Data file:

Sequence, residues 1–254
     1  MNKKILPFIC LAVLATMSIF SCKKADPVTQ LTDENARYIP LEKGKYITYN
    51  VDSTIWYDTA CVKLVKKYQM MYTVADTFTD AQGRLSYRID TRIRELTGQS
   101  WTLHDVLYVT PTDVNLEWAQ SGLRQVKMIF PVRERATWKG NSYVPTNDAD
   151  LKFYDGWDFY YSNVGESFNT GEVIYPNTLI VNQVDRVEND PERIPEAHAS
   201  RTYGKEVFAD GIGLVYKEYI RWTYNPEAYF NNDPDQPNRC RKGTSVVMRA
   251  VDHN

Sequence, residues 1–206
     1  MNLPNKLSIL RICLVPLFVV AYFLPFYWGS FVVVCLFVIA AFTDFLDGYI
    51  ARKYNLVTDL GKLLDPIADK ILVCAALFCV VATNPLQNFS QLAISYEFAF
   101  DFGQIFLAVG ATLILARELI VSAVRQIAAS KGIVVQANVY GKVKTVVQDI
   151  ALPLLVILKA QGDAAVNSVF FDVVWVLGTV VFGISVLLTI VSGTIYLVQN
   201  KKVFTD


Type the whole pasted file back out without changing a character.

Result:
Sequence, residues 1–254
     1  MNKKILPFIC LAVLATMSIF SCKKADPVTQ LTDENARYIP LEKGKYITYN
    51  VDSTIWYDTA CVKLVKKYQM MYTVADTFTD AQGRLSYRID TRIRELTGQS
   101  WTLHDVLYVT PTDVNLEWAQ SGLRQVKMIF PVRERATWKG NSYVPTNDAD
   151  LKFYDGWDFY YSNVGESFNT GEVIYPNTLI VNQVDRVEND PERIPEAHAS
   201  RTYGKEVFAD GIGLVYKEYI RWTYNPEAYF NNDPDQPNRC RKGTSVVMRA
   251  VDHN

Sequence, residues 1–206
     1  MNLPNKLSIL RICLVPLFVV AYFLPFYWGS FVVVCLFVIA AFTDFLDGYI
    51  ARKYNLVTDL GKLLDPIADK ILVCAALFCV VATNPLQNFS QLAISYEFAF
   101  DFGQIFLAVG ATLILARELI VSAVRQIAAS KGIVVQANVY GKVKTVVQDI
   151  ALPLLVILKA QGDAAVNSVF FDVVWVLGTV VFGISVLLTI VSGTIYLVQN
   201  KKVFTD